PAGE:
You are confusing two different issues. Looking neat and not having objectionable body odour.

The two are not the same––but may be related.

Odour: Humans can smell with their noses. Things that we smell can sometimes be pleasant or unpleasant.

Perfume and fragrance producers would like you to think that we humans have an unpleasant odour unless we stink with what they put into their products. They spend Millions of dollars to make us feel insecure unless we soak ourselves in their chemical "fragrances." Their advertising messages are not true. As a matter of fact, naturally occurring pheromones that our body produces actually attract others.

What does repel others is the odour of bacteria that has been sitting on our skin that has been produced by physical and mental stress of normal urban lifestyles.

Covering this stuff up with a de-odourizer doesn't work as well as simply removing the stuff that stinks. Removing the stuff is easy by practicing normal daily body hygiene. Rather than going into that, I'll move on.

Appearance: Looking well-groomed and neat is easier in clothes that fit you well and in colours and patterns that compliment your hair colour and body shape.

Some fabrics work better than other, however, depending on what you do. As a general rule, knits show wrinkles less than weaves. A polo shirt will look less wrinkled after a given amount of wear than a cotton one.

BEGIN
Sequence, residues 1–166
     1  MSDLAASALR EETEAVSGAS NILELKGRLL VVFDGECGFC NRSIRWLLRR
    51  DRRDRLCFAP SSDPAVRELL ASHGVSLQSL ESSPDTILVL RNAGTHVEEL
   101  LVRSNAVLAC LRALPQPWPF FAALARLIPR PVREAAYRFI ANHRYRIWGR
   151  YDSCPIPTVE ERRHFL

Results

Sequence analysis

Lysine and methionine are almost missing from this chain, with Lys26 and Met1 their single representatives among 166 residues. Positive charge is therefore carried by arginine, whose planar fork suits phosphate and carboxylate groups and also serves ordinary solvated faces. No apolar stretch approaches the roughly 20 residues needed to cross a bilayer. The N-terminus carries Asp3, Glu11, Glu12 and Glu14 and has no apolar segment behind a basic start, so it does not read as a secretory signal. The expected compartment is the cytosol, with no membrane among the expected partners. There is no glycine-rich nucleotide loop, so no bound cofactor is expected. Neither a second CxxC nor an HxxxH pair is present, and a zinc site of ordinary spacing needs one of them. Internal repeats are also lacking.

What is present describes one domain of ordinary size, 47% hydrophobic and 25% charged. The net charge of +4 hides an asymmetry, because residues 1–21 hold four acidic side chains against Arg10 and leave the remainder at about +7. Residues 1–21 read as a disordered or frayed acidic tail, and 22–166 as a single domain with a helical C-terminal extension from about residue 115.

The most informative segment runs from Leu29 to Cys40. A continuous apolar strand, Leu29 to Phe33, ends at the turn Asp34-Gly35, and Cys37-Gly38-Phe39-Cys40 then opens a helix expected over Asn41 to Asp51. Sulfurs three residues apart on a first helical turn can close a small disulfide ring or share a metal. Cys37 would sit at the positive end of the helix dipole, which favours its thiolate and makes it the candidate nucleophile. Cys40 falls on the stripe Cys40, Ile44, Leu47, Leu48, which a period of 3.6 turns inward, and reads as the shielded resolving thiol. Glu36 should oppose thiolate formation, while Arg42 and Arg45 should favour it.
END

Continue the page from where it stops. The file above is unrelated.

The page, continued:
Don't mistake clothes that look okay but are dirty (have stale bacteria) and just have to be washed to remove offensive odour. Again, simple hygiene is the (soap and water) solution.

You are now aware that some things affect you so you can now avoid wearing materials and using products that affect others the same way.

Thank you for helping avoid the propaganda being spread by detergent companies who would have you believe that their phthalates (that's what they're called) stand between being shunned or loved.

Good luck.

  • speaking of washing, I have seen people not washing daily wore jeans for weeks and months. is that safe and wear to work every day?
    – localhost
    May 26, 2019 at 13:00
  • @Nofel define "safe". I wash my jeans very rarely (when they get visibly dirty which happens once in few months) and walk with them every day, all day. I'm not sick as result and they don't smell. May 27, 2019 at 10:35
  • @ShadowWizard - Do you live alone? In other words, do you have any confirmation from someone close to you that they don't start to smell unpleasant as a result? Jun 9, 2019 at 12:12
  • @apa yes, wife and three kids who have no problem to call me out when I smell badly. ;) Jun 10, 2019 at 9:18

As I understand, you want to stop your body from generating bad smell, right?

There are 2 options: